For this reason, in one of the most difficult decisions that I’ve made as President, I ordered an additional 30,000 American troops into Afghanistan. When I announced this surge at West Point, we set clear objectives: to refocus on al Qaeda; reverse the Taliban’s momentum; and train Afghan Security Forces to defend their own country. I also made it clear that our commitment would not be open-ended, and that we would begin to drawdown our forces this July.
When President Obama briefed Congressional leaders at the White House last week on his plans to send more troops to Afghanistan, Senator Harry Reid offered some advice: Whatever you do, he told the president, don’t call it a “surge.”
Not to worry. Mr. Obama didn’t and wouldn’t. The exchange, confirmed by people briefed on the discussion, underscored the sensitivity about language in the new era. Mr. Obama and his team are busily scrubbing President George W. Bush’s national security lexicon, if not necessarily all of his policies.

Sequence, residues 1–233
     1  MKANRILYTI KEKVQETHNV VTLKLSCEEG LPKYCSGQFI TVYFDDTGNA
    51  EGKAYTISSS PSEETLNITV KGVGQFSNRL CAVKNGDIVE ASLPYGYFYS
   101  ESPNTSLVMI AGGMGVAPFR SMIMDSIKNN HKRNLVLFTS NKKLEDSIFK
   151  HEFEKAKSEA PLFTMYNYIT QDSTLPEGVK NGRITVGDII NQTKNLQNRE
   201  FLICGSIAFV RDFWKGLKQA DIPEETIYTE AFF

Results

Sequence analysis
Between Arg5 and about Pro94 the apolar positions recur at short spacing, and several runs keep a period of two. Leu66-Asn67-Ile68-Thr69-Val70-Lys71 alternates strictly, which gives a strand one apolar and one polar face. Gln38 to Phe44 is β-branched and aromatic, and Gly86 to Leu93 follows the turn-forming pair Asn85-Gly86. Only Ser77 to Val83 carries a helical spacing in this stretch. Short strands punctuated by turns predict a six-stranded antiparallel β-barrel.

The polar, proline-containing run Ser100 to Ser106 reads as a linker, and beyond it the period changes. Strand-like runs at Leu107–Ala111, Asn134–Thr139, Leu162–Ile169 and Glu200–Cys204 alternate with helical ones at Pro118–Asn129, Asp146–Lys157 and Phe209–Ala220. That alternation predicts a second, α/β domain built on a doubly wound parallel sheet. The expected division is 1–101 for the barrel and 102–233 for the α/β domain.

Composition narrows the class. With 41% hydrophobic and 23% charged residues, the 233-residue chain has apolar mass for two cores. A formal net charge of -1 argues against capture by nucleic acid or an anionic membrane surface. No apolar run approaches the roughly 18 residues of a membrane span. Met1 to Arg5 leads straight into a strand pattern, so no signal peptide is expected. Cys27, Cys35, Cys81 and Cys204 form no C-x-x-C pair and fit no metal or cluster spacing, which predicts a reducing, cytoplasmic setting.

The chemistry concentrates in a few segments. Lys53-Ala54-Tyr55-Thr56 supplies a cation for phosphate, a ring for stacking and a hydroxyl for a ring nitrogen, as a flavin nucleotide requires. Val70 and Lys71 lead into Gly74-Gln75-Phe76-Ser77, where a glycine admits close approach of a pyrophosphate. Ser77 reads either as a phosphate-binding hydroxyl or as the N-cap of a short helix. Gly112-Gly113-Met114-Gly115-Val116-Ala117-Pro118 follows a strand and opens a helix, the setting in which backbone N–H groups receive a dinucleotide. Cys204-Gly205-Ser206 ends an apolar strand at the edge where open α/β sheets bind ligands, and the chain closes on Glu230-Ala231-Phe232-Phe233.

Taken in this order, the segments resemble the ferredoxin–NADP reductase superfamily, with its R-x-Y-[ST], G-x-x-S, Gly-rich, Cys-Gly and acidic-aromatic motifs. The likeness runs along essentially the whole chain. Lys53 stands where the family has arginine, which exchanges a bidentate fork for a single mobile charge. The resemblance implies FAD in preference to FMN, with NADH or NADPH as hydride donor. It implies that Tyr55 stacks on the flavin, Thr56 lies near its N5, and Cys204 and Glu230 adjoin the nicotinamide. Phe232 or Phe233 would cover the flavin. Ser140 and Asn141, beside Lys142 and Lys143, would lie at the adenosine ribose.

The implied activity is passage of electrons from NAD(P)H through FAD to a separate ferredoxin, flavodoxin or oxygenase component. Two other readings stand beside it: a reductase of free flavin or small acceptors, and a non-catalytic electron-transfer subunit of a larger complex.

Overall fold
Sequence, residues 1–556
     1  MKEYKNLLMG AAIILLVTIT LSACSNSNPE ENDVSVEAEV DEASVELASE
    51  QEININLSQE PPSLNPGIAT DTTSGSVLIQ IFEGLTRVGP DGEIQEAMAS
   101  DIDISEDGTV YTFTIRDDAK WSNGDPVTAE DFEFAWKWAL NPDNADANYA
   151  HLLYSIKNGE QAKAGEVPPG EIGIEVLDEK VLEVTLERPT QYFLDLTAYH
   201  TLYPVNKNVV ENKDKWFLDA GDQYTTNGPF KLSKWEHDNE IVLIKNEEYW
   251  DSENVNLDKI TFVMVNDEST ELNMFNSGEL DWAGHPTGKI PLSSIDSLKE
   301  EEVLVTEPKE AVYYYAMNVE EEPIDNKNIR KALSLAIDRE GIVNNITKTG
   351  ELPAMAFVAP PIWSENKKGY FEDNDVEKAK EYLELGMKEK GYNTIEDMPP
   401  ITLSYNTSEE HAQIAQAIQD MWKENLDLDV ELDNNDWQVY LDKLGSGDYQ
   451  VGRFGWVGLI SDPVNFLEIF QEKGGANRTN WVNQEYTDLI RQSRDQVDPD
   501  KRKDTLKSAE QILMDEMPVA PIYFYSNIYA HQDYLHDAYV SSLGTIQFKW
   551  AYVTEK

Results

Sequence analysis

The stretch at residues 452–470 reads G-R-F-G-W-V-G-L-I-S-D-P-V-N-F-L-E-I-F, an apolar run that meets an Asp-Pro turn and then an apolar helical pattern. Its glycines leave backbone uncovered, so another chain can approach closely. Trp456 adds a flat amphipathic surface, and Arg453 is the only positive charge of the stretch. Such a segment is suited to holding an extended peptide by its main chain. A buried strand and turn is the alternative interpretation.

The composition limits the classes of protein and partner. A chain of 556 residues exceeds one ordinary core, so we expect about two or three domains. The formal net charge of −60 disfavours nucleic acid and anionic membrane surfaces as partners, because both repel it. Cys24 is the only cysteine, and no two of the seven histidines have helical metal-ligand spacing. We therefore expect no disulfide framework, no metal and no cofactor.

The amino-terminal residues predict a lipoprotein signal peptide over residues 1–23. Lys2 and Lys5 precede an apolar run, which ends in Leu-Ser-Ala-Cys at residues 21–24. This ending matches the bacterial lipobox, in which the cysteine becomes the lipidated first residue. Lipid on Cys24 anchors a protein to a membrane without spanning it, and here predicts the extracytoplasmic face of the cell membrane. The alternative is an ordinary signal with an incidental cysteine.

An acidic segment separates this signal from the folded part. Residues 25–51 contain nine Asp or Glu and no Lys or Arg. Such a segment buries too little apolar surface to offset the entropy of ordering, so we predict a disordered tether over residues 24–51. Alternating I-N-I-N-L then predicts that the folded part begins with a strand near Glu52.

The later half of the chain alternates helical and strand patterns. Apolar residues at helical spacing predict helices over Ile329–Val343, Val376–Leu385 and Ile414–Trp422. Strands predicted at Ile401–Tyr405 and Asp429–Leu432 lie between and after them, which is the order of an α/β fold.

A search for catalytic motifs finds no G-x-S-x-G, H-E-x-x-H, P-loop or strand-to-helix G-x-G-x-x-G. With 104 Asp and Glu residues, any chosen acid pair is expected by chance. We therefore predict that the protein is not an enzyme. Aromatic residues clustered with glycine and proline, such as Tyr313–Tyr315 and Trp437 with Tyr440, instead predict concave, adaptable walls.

But the "surge" language crept back into presidential documents. A December 1, 2009 White House fact sheet began:
The President’s speech reaffirms the March 2009 core goal: to disrupt, dismantle, and eventually defeat al Qaeda and to prevent their return to either Afghanistan or Pakistan. To do so, we and our allies will surge our forces, targeting elements of the insurgency and securing key population centers, training Afghan forces, transferring responsibility to a capable Afghan partner, and increasing our partnership with Pakistanis who are facing the same threats.
Still, in his West Point address on December 1, 2009 -- his most important previous statement on the topic -- the president avoided calling the military buildup a "surge," instead using the word only for a "civilian surge that reinforces positive action."